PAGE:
with, eliciting concrete details about it. How big was the closet? Was there light in the closet? The principle of organicity applies to all levels of object-oriented question. The self-absorbed patient who makes no contact in the opening phase of treatment is asked simple questions related to the subject he is talking about. What's his name? When was that? Later on, more complicated questions will still address themselves to matters uppermost in the patient's mind. What would I have done if that had happened to me? What is my opinion on the subject? In every instance where object-oriented questions are employed, from the beginning of treatment to its termination, the purpose remains unchanged, to resolve resistance to communication. In order to succeed in this, the question must be organically connected with the patient's current concern, so that he perceives it as relevant and validates it with an appropriate response. In sum, the complex therapeutic process provides the object-oriented question with the opportunity to affect a multi-dimensional universe and to serve as an active principle in every area of treatment. It is a visible presence in the interventions that promote the growth of the narcissistic transference, that deploy the induced countertrans-ference feelings in the resolution of resistance (cf. Margolis, 1978) and that put the joining techniques into effect. A single question or series of questions will often accomplish all of these simultaneously and lead to progressive communication and maturational growth. References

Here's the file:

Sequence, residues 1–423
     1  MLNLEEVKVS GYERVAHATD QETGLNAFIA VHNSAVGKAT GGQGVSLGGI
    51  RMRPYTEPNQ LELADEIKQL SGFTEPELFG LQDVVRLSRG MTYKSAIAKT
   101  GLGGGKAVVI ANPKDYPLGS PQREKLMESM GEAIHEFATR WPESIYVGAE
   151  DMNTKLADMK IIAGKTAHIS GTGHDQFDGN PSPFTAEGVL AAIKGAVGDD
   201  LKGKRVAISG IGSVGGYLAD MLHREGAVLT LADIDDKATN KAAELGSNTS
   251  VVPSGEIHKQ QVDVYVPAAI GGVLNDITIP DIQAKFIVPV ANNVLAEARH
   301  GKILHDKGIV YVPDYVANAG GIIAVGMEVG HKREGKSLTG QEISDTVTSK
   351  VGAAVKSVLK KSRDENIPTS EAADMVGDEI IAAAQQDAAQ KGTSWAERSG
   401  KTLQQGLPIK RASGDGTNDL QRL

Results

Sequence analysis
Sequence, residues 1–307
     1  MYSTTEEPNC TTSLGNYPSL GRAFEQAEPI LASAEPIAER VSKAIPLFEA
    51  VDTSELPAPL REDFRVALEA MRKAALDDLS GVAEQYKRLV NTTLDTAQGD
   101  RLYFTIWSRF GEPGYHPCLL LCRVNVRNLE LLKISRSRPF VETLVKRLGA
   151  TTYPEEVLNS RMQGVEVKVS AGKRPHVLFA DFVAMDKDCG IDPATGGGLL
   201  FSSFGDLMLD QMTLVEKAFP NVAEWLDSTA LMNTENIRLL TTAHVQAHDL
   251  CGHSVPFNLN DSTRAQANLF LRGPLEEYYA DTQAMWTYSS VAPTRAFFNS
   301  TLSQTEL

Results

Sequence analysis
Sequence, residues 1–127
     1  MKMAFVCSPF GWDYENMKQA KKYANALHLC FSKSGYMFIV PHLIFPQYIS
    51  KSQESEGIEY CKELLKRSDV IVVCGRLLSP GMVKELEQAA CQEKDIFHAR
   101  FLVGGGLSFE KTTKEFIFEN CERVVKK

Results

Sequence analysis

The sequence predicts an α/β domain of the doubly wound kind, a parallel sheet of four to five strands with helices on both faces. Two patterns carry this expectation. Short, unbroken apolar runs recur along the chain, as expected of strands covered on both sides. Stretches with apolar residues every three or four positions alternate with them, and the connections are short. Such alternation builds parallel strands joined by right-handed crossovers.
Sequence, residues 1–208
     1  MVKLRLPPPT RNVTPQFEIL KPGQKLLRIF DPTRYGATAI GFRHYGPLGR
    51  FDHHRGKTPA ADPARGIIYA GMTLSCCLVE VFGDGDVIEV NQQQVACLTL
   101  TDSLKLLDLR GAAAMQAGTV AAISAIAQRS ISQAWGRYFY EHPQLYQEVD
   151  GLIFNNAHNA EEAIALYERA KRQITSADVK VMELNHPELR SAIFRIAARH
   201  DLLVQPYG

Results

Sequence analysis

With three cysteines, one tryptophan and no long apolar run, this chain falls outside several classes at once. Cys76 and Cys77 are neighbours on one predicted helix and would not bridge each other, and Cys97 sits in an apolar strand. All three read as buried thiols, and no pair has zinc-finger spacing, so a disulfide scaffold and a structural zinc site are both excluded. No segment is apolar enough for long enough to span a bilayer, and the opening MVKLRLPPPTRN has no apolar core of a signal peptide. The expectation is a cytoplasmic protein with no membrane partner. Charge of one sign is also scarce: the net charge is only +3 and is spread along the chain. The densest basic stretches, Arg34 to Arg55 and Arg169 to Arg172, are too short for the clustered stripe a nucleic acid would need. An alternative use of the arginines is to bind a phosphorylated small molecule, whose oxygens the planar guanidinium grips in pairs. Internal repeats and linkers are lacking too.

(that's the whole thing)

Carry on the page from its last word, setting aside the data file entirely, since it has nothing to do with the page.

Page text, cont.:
Ferenczi, S. (1919), On the technique of psychoanalysis. In Further Contributions to the Theory and Technique of Psychoanalysis. London: Hogarth Press, 1950. Kalin, E.B. (1978), A study of the relative effectiveness of two types of interventions at the beginning of psychoanalytic treatment with adolescent drug abusers. PhD dissertation. Lefkowitz, S. (1980), Pathological verbalizations of process and reactive schizophrenics as a function of object- and ego-oriented questions and interviewer's style. PhD dissertation. Margolis, B.D. (1978), Narcissistic countertransference: emotional availability and case management. Mod. Psychoanal., 3: 133-151. [→] Margolis, B.D. (1979), Narcissistic transference: the product of overlapping self and object fields. Mod. Psychoanal., 4: 131-140. [→] Margolis, B.D. (1981), Narcissistic transference: further considerations, Mod. Psychoanal., 6: 171-182. [→] Margolis, B.D. (1983), The contact function of the ego: its role in the therapy of the narcissistic patient. Psychoanal. Rev., 70: 69-81. [→] - 197 -

Meadow, P.W. (1970), The relative effectiveness of two educational techniques used in the extinction of maladaptive responses which block learning. Dissertation Abstracts International, 31: 1-97. Meadow, P.W. (1974), Research method for investigating the effectiveness of psychoanalytic technique. Psychoanal. Rev., 61: 79-94 [→] Spotnitz, H. (1969), Modern Psychoanalysis of the Schizophrenic Patient. New York: Grune & Stratton. Spotnitz, H. (1976), Psychotherapy of Preoedipal Conditions. New York: Jason Aronson. - 198 -